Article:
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If you can tell yourself that you are seated in a Broadway theatre enjoying the first night of a George S Kaufman play, you will be delighted. The dialogue is wonderful especially if you like it a little bitchy and the actors put it over beautifully. Kay Francis is marvelous as usual but much credit goes to Verree Teasdale as Irene, Ms Francis' more than capable foil. By the way there are a couple of delightful scenes sans Ms. Francis especially one in which Ms Teasdale and Walter Connolly are "enjoying" an evening at home. Of course the political plot is rather ridiculous and should be ignored except as it moves the story along setting up the witty verbal contretemps. If you just like to "watch" movies, avoid this one. But if you love language and wit you won't be disappointed. And if I were trying to find a play for a community theatre, this sleeper would suit me fine.
A very dated but still amusing political comedy, "First Lady" showcases Kay
Francis's great comedic talent as the wife of a secretary of state destined,
in her view, for the White House once presided over by her grandpa. The
screen text as the film begins to roll alerts viewers to the "fact" that men
control politics but behind the scenes the ladies are not without influence.
Dated! But funny!
A comedy of machinations and quick-witted dialogue, "First Lady" is a period piece and it's fun to see how the filmmakers of the late 30s fantasized a Washington that never was. This must have been a nice distraction as America inched out of the Depression and moved closer to global war. It's good entertainment today.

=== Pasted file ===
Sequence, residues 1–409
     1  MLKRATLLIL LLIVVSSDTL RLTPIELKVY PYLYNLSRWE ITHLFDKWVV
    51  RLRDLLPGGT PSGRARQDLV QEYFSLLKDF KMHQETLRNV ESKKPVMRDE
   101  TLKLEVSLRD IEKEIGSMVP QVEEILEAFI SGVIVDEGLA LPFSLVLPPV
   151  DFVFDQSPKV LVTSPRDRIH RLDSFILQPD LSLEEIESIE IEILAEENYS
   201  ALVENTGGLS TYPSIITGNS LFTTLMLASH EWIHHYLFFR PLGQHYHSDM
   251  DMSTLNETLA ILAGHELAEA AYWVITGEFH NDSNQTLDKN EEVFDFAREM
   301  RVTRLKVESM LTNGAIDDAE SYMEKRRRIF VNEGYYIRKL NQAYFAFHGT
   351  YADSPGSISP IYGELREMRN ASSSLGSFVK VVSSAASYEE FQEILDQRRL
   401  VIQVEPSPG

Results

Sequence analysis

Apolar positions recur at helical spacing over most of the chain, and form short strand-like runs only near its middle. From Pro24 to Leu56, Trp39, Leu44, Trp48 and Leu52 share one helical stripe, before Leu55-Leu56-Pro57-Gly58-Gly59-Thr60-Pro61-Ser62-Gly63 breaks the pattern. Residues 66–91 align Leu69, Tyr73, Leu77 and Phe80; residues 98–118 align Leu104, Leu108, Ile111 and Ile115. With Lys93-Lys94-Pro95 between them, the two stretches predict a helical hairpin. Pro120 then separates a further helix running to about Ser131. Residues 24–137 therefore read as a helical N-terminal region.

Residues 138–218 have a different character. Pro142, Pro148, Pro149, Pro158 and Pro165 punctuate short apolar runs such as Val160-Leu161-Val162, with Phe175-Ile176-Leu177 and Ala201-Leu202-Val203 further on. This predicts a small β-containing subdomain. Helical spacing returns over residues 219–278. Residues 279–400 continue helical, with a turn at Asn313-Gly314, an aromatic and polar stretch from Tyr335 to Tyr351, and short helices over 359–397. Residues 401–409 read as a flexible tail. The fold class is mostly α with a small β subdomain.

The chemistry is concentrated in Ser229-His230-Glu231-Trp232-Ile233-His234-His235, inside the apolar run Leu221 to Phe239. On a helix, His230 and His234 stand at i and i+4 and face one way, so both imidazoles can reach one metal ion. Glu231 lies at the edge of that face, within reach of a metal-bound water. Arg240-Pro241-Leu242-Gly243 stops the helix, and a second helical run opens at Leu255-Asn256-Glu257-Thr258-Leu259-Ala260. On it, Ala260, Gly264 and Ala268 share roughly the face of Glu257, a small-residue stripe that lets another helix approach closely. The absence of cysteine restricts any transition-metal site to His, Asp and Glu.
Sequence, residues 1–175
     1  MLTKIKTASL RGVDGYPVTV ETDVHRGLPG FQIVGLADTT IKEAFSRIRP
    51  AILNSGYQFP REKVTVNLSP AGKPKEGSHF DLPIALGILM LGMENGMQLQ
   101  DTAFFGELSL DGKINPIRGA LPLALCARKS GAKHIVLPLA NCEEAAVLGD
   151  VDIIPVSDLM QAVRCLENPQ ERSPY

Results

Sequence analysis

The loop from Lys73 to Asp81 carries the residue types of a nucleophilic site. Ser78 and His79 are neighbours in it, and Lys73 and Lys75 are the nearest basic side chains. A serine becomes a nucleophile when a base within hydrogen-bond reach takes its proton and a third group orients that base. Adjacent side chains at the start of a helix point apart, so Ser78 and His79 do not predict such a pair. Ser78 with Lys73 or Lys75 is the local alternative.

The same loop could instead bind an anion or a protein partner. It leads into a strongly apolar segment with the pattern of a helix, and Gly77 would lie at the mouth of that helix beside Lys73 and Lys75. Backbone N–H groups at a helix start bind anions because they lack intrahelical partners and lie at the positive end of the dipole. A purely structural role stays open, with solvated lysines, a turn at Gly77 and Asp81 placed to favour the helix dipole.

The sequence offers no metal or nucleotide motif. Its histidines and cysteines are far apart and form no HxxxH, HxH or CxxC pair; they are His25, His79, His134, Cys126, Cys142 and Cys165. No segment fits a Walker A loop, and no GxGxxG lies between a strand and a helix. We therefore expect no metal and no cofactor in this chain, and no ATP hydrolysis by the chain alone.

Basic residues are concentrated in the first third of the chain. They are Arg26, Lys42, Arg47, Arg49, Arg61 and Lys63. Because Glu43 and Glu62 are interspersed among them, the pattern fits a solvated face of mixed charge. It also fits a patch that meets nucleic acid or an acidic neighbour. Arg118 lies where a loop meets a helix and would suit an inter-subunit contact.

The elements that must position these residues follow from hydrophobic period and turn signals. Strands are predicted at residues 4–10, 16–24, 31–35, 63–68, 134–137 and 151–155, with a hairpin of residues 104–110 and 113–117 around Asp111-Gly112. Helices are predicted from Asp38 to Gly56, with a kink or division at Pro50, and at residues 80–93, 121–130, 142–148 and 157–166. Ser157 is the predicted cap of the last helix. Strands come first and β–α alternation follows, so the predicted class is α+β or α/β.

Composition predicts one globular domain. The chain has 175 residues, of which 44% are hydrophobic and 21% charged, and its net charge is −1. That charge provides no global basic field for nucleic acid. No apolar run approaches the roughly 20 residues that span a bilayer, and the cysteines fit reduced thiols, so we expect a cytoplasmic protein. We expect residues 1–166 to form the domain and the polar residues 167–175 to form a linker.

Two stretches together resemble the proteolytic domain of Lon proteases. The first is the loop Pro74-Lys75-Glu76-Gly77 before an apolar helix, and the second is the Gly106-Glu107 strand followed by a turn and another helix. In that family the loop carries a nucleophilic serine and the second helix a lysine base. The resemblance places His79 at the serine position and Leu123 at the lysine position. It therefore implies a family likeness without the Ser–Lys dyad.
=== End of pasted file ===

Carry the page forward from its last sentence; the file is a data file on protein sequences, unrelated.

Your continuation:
Kay Francis stars in a delightful adaptation of the George S. Kaufman-
Katharine Dayton play First Lady which enjoyed a nice run on Broadway
in the 1934-1935 season and starred Jane Cowl and Stanley Ridges in the
parts played here by Francis and Preston Foster.
Back in these days when primaries were only confined to a very few states and deals were made in those proverbial smoke filled rooms, First Lady was far more relevant in the national scene of those years than now. Kay Francis is the wife of Secretary of State Preston Foster and she'd like to see her husband as President. Her family has been in the White House before, her grandfather was president at one time. It's what's given her the status of Washington hostess and behind the scenes maker of policy and men.
Kaufman was very clever indeed in choosing Kay's character name of Kate Chase Wayne. Back in the 19th century one Kate Chase Sprague was the daughter of Salmon P. Chase, Governor and Senator from Ohio and Lincoln's Secretary of the Treasury. Chase was a widower and his daughter before and after she married William Sprague, a Senator from Rhode Island was a popular Washington hostess and behind the scenes back room player. She strove mightily to make her father president, he had to settle for being Chief Justice however to cap his career off.
This 20th century Kate Chase has an ongoing rivalry with another Washington hostess in Verree Teasdale. Teasdale is the trophy wife of a pompous old water buffalo of a Supreme Court Justice in Walter Connolly, but a promising young Senator in Victor Jory has caught her eye as well as the eye of Anita Louise, Francis's niece. Teasdale's thinking that she'd like to be First Lady even unofficially and she's pushing Keith.